A senior Myanmar official vowed on Wednesday to stop an influential Buddhist monk from building pagodas near churches and mosques as Christian and Muslim leaders appealed for calm in a country that has struggled with religious tensions.
Supporters of the monk Myaing Kyee Ngu erected a pagoda on Saturday on the grounds of a church in the eastern state of Karen and then build a pagoda near a mosque in a Muslim-majority village in the same township, the AFP news agency reported.
Karen State Chief Minister Nan Khin Htwe Myint told RFA’s Myanmar Service she is “very concerned about the situation” and would work to stop what one local newspaper called a “stupa-building spree” by zealous Buddhists.
“The pagodas should be built at suitable places for the sake of worshippers. Then, if we want to promote our religion, we shouldn’t bully or oppress other religions. It’s not the right way to do so and it’s not our Buddhism’s teaching, either,” she said.
“I have already informed the religious department of the Union Government. I must try to stop further works of the monk,” Nan Khin Htwe Myint told RFA in a telephone interview.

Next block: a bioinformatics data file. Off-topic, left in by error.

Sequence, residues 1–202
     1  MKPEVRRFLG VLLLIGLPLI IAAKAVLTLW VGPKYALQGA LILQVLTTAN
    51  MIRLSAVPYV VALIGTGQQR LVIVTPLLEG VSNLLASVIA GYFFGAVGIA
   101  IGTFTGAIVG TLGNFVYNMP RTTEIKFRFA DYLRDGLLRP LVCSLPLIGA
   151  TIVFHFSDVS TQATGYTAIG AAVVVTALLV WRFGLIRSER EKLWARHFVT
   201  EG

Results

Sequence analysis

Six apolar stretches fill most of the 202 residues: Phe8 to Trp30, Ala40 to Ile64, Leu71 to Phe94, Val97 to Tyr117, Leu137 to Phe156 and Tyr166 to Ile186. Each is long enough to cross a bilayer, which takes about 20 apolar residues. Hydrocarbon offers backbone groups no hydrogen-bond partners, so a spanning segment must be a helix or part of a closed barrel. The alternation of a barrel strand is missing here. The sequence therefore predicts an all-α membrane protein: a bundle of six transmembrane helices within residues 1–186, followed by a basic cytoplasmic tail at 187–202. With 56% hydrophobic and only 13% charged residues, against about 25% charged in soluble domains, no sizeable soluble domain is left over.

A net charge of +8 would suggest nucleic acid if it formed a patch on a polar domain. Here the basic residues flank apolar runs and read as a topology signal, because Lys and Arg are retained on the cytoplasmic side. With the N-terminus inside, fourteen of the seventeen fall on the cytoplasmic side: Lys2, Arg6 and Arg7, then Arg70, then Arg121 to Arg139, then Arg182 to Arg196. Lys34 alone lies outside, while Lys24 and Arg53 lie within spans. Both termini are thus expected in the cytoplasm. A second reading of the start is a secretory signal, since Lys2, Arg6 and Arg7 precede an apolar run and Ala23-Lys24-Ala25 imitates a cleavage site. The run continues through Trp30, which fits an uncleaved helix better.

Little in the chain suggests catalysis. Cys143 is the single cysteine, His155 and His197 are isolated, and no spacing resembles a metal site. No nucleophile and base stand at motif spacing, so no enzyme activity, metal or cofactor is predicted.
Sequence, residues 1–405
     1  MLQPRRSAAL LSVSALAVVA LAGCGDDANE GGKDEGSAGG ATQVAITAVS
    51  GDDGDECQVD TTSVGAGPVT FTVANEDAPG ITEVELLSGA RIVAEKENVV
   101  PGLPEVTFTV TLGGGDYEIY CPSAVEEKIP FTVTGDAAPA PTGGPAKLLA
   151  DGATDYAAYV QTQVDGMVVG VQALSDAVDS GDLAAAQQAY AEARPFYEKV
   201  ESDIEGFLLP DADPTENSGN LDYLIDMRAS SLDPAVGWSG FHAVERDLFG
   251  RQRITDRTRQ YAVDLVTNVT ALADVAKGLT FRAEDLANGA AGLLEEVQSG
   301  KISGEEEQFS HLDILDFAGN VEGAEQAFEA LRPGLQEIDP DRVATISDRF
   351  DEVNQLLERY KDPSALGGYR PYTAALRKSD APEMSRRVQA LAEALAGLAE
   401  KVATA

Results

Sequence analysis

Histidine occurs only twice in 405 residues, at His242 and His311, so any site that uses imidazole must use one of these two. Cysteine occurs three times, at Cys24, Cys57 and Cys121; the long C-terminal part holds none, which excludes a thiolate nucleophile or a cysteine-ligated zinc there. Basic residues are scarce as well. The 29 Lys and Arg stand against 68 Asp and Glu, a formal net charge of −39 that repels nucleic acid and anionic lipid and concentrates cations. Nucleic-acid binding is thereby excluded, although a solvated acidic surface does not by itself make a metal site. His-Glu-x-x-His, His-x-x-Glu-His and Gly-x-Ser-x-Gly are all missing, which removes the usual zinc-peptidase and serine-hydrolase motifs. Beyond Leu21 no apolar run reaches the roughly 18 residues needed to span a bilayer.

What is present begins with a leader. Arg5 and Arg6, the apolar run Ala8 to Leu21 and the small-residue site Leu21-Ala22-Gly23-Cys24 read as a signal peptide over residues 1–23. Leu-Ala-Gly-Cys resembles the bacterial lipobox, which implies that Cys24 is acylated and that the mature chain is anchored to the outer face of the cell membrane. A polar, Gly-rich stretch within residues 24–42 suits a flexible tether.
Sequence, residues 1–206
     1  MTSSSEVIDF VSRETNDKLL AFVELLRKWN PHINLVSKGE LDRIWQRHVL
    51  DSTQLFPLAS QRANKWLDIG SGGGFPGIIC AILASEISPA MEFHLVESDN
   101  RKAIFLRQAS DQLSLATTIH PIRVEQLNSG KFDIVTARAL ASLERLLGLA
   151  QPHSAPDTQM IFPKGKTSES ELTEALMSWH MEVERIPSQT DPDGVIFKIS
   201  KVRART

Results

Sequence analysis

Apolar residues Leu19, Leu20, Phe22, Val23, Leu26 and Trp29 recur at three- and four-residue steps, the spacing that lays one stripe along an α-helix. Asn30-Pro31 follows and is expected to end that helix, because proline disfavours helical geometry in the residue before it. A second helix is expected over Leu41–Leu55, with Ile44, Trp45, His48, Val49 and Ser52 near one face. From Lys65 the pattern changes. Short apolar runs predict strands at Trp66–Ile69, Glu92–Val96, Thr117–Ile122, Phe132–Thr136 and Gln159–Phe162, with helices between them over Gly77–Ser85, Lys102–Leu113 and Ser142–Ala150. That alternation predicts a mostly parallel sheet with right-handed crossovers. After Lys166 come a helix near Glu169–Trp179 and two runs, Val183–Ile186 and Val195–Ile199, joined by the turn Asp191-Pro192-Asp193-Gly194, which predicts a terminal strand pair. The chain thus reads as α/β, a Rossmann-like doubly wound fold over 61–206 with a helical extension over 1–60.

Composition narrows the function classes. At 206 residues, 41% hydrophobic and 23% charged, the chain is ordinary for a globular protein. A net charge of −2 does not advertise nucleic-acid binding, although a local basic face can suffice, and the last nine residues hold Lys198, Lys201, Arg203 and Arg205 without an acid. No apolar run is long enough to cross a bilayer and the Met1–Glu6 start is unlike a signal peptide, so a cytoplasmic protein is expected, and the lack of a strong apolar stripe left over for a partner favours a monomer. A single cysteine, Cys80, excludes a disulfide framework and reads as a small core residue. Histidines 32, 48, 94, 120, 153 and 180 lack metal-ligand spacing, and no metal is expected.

AFP said the office of local MP Saw Chit Khin told the agency that Buddhist authorities had written to the monk to urge him to cease building at places of worship of other faiths.
But local Anglican Bishop Saw Stylo, who oversees Karen state and neighboring regions, told AFP that members of the community “feel very worried and sensitive about it. This might be political as well as religious.”
“That is why I asked all local young people, whether they are Buddhist, Muslim or Christian, not to do anything wrong,” AFP quoted Saw Stylo as saying.
The Myanmar Times quoted Thein Win Aung, leader of the KAFDG Islamic Organization, as calling on the government to step in quickly to stop the provocative construction.
“It is religious violence. We have been patient after the first time, but he should not be allowed to repeat what he did,” Thein Win Aung was quoted as saying.
Predominantly Buddhist Myanmar has experienced spates of violence directed at religious minorities.
In Rakhine State in western Myanmar, some 140,000 Rohingya Muslims were displaced in 2012 after violence erupted between them and local Buddhists, leaving more than 200 dead and tens of thousands homeless. The Rohingya, who bore the brunt of the attacks, were later forced to live in squalid camps.
About 120,000 Rohingya remain in the camps, while thousands of others have fled persecution in the Buddhist-dominated country on rickety boats to other Southeast Asian countries in recent years.
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